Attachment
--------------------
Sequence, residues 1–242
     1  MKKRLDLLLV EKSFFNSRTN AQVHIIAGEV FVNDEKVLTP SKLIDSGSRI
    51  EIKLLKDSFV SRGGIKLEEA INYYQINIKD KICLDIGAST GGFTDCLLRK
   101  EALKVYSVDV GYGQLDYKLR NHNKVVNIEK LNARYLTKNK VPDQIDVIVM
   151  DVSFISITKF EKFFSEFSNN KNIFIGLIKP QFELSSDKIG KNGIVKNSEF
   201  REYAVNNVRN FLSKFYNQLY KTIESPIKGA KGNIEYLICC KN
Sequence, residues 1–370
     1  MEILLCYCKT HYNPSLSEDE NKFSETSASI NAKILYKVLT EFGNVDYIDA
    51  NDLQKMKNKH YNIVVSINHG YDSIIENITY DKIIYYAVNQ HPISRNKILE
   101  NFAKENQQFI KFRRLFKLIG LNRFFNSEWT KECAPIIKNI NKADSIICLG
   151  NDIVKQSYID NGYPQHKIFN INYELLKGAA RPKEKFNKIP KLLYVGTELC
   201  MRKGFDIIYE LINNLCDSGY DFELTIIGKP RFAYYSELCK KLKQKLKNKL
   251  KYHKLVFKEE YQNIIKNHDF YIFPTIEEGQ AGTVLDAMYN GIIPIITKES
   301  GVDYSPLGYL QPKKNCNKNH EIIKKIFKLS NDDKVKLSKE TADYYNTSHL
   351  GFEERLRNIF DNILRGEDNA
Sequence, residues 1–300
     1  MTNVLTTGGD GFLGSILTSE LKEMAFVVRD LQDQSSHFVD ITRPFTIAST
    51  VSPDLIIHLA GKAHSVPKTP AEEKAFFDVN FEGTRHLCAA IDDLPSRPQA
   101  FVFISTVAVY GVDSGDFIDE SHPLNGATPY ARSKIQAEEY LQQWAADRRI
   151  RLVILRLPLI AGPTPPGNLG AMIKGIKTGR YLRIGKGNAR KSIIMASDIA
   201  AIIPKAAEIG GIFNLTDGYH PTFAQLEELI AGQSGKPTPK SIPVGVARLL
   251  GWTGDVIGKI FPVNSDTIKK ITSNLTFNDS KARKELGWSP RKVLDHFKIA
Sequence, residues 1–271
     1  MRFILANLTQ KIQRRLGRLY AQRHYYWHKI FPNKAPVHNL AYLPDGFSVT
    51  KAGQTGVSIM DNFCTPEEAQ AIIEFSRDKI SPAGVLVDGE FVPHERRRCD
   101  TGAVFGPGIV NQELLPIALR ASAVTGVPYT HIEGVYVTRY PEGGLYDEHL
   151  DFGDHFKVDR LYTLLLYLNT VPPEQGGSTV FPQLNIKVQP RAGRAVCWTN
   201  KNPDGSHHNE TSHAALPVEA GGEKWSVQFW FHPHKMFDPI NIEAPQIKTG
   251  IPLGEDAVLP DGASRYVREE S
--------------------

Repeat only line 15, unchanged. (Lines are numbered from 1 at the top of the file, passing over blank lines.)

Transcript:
   351  GFEERLRNIF DNILRGEDNA